In Costa Rica, friends didn’t fight over politics; those days are gone
Just 14 years ago, Costa Rica was the Latin American countries where people were least willing to argue with their best friends over politics. Just 14 years.
The Latinbarometer statistics in 2004 placed Costa Ricans in first place in this regard during the administration of President Abel Pacheco, years when the wall of bipartisanship was broken and citizens’ desire to break with the old model began to manifest themselves. Guatemalans, Brazilians, and Ecuadorians followed us. The nationality most willing to fight over politics? Venezuelans, in the year of the referendum that sought to remove Hugo Chávez from power.
The question that the Latinbarometer asked in 2004 alluded not only to partisan politics, but also to social politics. The historic rivalry between the National Liberation Party (PLN) and Social Christian Unity Party (PUSC) provoked few discussions. The protests about “the ICE Combo” – which showed massive frictions between the “statist” and “neoliberal” model, a bit before its maximum level with the referendum about the Central American Free Trade Agreement with the United States in 2007 – were already in the past.
Still in the future was the 2010 election, marked by the presence of a woman candidate promoted by the administration of President Oscar Arias; she would later sever that bond and remind us that the PLN has different faces, but those issues were foreign to the majority of the population.
The 2014 campaign brought evidence that many Costa Ricans could easily change their political affiliation in a matter of weeks, and that party flags had become mere accessories, venerated by only a few. There was a second round, it’s true, but Luis Guillermo Solís’s triumph was obvoius since the week after the first round, so much so that his rival Johnny Araya ended up withdrawing from the contest.
There was an ideological discussion in 2014, especially when the leftist Broad Front was picking up in the polls. The importance of the moral values also appeared, mixed with religion, but no determinant results emerged. The two months between rounds turned out to be too much time, because everything was already resolved: the Citizen Action Party (PAC) would get to power, ending decades of alternating PLN and PUSC. Our bipartisan system is dead and buried, we said, but nothing was going to make us fight about politics within our inner circle.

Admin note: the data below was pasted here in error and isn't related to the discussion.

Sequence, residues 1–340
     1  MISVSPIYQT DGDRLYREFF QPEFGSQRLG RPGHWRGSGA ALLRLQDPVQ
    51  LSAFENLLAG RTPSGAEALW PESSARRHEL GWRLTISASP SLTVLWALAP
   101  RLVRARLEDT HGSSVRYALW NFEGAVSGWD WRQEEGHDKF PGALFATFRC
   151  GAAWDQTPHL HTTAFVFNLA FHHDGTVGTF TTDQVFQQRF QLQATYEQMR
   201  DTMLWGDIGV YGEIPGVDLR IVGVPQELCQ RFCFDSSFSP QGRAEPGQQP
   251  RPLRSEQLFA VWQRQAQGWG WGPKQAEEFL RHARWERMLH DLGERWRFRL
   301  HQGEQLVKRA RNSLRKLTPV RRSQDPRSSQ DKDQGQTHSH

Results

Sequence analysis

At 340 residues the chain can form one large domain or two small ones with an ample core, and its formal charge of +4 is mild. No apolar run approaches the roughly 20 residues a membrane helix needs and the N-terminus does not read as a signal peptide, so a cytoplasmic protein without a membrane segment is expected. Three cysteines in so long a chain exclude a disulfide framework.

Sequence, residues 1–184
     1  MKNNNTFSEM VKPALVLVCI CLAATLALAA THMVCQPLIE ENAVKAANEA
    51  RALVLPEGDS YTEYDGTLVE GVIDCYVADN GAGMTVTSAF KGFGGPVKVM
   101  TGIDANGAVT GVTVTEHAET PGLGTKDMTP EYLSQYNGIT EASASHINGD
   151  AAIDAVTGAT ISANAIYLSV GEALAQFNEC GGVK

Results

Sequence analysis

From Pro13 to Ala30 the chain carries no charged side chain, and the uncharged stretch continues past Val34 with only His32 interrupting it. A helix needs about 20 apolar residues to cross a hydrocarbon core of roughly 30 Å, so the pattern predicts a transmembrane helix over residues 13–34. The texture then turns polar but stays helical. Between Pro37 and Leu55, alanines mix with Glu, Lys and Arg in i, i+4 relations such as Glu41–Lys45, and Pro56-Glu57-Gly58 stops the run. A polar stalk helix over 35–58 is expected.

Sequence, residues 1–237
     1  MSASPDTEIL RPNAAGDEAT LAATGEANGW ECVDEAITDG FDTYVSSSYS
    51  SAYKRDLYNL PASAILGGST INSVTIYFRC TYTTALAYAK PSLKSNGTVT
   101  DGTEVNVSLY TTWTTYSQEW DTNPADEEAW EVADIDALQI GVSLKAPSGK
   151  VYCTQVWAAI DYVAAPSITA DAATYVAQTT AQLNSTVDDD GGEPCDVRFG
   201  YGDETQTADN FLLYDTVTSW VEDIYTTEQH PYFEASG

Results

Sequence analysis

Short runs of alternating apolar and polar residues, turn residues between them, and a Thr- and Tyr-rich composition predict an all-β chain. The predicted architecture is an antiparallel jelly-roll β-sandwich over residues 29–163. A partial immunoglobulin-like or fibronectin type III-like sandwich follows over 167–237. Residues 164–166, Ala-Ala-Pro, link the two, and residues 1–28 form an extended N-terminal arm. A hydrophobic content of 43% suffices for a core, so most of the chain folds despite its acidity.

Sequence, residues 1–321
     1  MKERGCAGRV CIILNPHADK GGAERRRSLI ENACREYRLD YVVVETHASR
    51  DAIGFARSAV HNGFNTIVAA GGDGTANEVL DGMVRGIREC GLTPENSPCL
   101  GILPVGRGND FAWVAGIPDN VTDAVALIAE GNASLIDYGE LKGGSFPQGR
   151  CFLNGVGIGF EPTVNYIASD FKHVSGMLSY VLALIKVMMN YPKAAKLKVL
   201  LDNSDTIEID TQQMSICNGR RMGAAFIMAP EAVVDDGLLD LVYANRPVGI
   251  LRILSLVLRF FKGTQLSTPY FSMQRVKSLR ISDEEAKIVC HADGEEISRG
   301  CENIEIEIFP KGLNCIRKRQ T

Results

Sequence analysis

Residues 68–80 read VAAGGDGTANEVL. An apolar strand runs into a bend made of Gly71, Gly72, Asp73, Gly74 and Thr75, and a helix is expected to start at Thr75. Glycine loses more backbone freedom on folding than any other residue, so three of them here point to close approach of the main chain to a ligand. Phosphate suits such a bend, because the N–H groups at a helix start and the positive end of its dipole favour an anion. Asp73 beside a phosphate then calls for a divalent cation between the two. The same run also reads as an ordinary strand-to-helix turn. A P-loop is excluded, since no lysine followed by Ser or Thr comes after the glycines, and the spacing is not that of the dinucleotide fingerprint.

Then 2018 arrived, and we’re screwed. Politics has become an enormous bag of emotions and prejudices, discrimination and religions, anguish and fears. I know that these things also existed in the past, but I’ve never been in such an toxic environment.
Maybe we must accept that our digital spaces exaggerated the arguments, but these spaces are part of our reality. We should’ve had a device to measure how much energy we’ve dedicated to the electoral discussion in 2018 and how much hostility we exchange. Of course, we believe we’re not arguing about politics, but about “my religion,” my human rights, my values, my phobias, my family, my church… But everything is politics, and almost nothing is partisan.
We’re driven to “holy” fights with family and friends. We no longer belong to that society from 2004 that preferred to argue over soccer. We’ve changed. I suspect we’re less happy, and that this influences our political landscape, with so little partisanship, but so essential, so primary. “I’m not defending Fabricio Alvarado, no; I’m defending my values, my family story.” Or, “I’m not from the PAC, I would never be, but I feel that a part of my national identity is being snatched away,” and things like that.
We’re a more unequal society, grumpier, more distrustful. As Costa Ricans we’re now under the Latin American average when it comes to a belief that we can trust each other. That’s what 2017’s Latinbarometer has to say.
That’s how we got to an election between “Fabricio” and “Carlos,” an unthinkable second round, toxic and dangerous. No matter who wins, we’re already different. We see each other differently. We have now exited the WhatsApp group or we’ve blocked that person who contradicted us. Or I was eliminated from their Facebook friends, or from life itself.
Read Alvaro Murillo’s “No Sugar, Please” columns here.
Álvaro Murillo is a journalist who specializes in political coverage and has written for La Nación, Semanario Universidad and El País. In his Tico Times column “No Sugar, Please,” he explores politics in its broadest terms, from the halls of government to community life. Connect with him on Twitter.
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